Beauty, they say, is in the eye of the beholder. But if most beholders wish something was on fire, maybe it’s just ugly.
Many products tend to be conservative in their design. Hammers. Jump ropes. Gas cans. Motorcycles are not among them. Any old schlep can ugly up a motorcycle in the comfort of his shed, but factory-produced garbage is more fun to pick on. Ugly factory bikes aren't just the product of one guy with insomnia, an angle grinder, and a J&P Cycles catalog. Rather, they are the culmination of untold designs, sketches, meetings, and engineering. Ultimately, the toad that emerges is the brainchild of a whole bunch of people who remained oblivious to the obvious.
Here’s a little list of some of the OEM bikes I have found to be foul and repellent. Fair warning: the number of Hondas in here is artificially low. Picking on Honda is too easy; it’s like shooting fish in a barrel. NM4, Rune, DN-01. Gross. (This article is written under a pseudonym to protect the author from the attacks of all those who actually own one of these turds.)
Here we go, in no particular order:
What the hell happened here? It’s as if the design team at Suzuki found the Honda Magna to be too conservative in terms of styling, and decided it needed more engine, more sissybar, less fuel tank, and a rear end that appeared to hover in space. Spoiler alert: it did not need those things. At least it kind of went fast.
BMW R 1200 CLC
Batwing fairings belong on Harleys. Why? They look nice. Protip: Stuffing four headlights into a batwing does not improve the looks. I really never thought that I would not choose the R 1200 C as “Ugliest BMW Ever,” but then I saw this bike. I can sum this up in three words: Shitty Electra Glide.
The only Honda on this list. They'd better send me at least a T-shirt for that kind of protection. The PC800 is the bike for someone who somehow landed a motorcycle but always wanted a scooter. It looks like the bike is composed of a fork and wheels and a large fairing at the front of the bike. The rear, however, looks as though someone mushed the fender, bags, and tank all together in one piece like some sort of grotesquely pregnant Tracy body kit. If I had one of these, I would ride it with a modular helmet on, so I could puke occasionally without getting chunks in my beard. This thing has to share hundreds of parts with a CRX.
I tend to think of earlier bikes as generally better looking, but the Arrow is the exception to the rule. The two-tone tank sitting on the hideous monocoque chassis reminds me of a small dog humping the snot out of a larger one. Sure, pressed steel needs volume to make up what it lacks in material strength, but great Hades is this ugly. That brake cover somehow manages to draw your eye to the brake, and then be way uglier than the actual hardware itself. This was Ariel’s last bike before the company went tits-up. Color me unsurprised.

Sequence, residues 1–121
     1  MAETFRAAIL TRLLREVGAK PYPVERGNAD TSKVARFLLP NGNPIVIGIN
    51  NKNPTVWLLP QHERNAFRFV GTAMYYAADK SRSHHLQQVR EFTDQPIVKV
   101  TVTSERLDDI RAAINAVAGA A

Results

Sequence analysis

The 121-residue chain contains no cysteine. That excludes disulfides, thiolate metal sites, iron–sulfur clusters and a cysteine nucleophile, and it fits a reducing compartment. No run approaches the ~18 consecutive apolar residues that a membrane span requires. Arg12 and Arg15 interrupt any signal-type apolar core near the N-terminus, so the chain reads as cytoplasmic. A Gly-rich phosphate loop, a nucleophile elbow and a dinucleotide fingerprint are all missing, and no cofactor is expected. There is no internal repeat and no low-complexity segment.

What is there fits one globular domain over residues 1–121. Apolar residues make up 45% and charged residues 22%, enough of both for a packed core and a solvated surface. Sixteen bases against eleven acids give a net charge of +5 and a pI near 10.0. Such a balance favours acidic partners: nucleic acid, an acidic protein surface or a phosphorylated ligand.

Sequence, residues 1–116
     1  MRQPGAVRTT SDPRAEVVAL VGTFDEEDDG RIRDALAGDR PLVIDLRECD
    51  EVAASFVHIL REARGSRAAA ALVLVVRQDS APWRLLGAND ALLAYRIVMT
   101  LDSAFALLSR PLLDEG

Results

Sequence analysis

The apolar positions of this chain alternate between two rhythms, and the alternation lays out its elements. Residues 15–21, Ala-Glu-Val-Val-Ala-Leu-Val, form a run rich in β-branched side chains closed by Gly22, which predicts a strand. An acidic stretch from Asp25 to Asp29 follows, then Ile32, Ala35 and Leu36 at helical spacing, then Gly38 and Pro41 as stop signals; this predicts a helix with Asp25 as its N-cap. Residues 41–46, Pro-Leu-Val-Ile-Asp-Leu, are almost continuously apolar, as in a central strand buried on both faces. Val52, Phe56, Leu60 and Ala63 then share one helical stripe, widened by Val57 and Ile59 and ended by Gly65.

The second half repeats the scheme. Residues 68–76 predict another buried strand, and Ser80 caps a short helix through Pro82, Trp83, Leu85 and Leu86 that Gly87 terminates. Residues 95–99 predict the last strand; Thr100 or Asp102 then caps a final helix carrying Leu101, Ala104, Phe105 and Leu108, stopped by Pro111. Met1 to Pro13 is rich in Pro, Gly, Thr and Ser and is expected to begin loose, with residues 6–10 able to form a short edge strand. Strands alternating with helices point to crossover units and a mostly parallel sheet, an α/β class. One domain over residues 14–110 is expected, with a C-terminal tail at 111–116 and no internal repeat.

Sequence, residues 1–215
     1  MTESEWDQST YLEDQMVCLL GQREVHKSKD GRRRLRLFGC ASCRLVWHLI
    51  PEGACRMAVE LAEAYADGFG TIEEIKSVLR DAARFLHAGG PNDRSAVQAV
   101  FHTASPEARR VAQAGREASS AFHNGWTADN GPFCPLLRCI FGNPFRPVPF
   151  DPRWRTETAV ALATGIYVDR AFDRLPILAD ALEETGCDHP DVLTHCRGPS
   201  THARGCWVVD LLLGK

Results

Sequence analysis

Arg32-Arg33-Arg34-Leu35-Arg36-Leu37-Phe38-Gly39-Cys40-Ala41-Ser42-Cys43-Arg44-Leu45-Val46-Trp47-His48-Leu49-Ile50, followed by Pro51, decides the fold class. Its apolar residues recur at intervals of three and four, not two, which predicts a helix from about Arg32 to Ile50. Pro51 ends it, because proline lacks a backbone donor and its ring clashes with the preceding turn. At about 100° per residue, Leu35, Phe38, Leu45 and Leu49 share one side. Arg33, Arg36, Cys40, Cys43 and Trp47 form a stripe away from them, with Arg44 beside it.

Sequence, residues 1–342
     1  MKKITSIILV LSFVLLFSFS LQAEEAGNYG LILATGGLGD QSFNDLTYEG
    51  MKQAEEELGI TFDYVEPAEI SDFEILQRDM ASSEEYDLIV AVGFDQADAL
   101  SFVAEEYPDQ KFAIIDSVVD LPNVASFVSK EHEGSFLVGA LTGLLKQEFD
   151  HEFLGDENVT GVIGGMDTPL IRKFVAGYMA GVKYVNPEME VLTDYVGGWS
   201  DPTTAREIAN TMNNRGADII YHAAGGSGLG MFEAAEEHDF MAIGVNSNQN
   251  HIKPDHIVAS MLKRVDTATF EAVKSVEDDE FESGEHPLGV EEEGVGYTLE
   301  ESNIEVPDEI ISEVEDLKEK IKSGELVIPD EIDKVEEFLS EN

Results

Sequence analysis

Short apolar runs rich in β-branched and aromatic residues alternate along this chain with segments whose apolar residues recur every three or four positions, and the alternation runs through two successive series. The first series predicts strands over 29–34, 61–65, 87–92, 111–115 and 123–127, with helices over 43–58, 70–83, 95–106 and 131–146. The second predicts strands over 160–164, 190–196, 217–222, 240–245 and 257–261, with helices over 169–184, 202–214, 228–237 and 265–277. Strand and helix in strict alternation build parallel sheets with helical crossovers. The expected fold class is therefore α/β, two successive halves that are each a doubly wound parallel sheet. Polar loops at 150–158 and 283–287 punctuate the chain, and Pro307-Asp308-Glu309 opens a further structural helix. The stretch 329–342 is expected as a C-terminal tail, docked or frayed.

The Victory Vision, as a touring bike, has so many things going for it mechanically: Fully gear-driven primary. Linked ABS brakes. Replaceable tipover protection. Heated grips and seat. Good looks, however, do not come standard. Good Lord, is this bike swoopy or what? It really looks like the love child of a WCC chopper and a Honda Gold Wing, assuming it was made at a hundred miles an hour, making everything look as though it was blown backwards. I don’t care how competent this bike is, I simply could not stand to hand a cop my registration and actually have to admit I owned something so ugly.
I bet Ducati rivals Honda for the number of times someone in a board room said “Screw it, it’s different! Let's see if they buy it.” This Italian bike is as sexy as a hairy mole. The Indiana is proof positive that Ducati emulated the emulators. It’s like they tried to make a cruiser, more or less defined by Harley-Davidson, using the cruiser pattern that the Japanese manufacturers attempted to figure out. (Which they sort of missed. They ran better and looked worse.) My pity goes out to anyone who has to ride one of these in public. And the name? It brings to mind the Moto Guzzi Nevada, with the same "let's name it after a part of the U.S.A. so the hillbillies know to buy it" thinking.
1971 Harley-Davidson Super Glide
It pains me a bit to put this on here, because I happen to love this bike, but I am one of about nine people who feel that way. Harley has generally done an exceptional job cranking out good-looking motorcycles, but the first half-year of the FX is a turd in Harley’s punch bowl. Willie G. is the design guy who reinvented H-D every time the chips were down. My guess is he started really hitting the bong hard in the mid-1960s and by the Summer Of Love he must have been a three-hits-of-acid-a-day sorta guy. People hated this bike, and I kind of can't blame them. "Here's a cool custom bike that you don't have to build! Also, we threw in a hideous fender no one has ever used on a custom bike before. Ta-ta!"
In early 1972, someone in corporate had the genius idea to stick with the chopper look but switch to a conventional fender, and the bikes sold like hotcakes, right up to the present day. These first bikes, cherished though they may be by a very special few, generally are agreed upon to be as appealing as dog farts.
Thus ends this incomplete list. Apologies to those of you whose feelings got hurt. If you own one of these bikes and you think it really looks nice, I do feel sincerely bad for you. Recognize that I don’t care enough about your motorcycle to hate it, but if I see you upon one of these steaming piles, I will shake my head after you ride off.
In closing, allow me to leave you with a final motorcycle that’s rather vulgar. It looks like a 1987 Honda Hurricane smashed into a Suzuki RF900. Ladies and gentlemen, behold the Ducati Paso.
Let the commenting begin.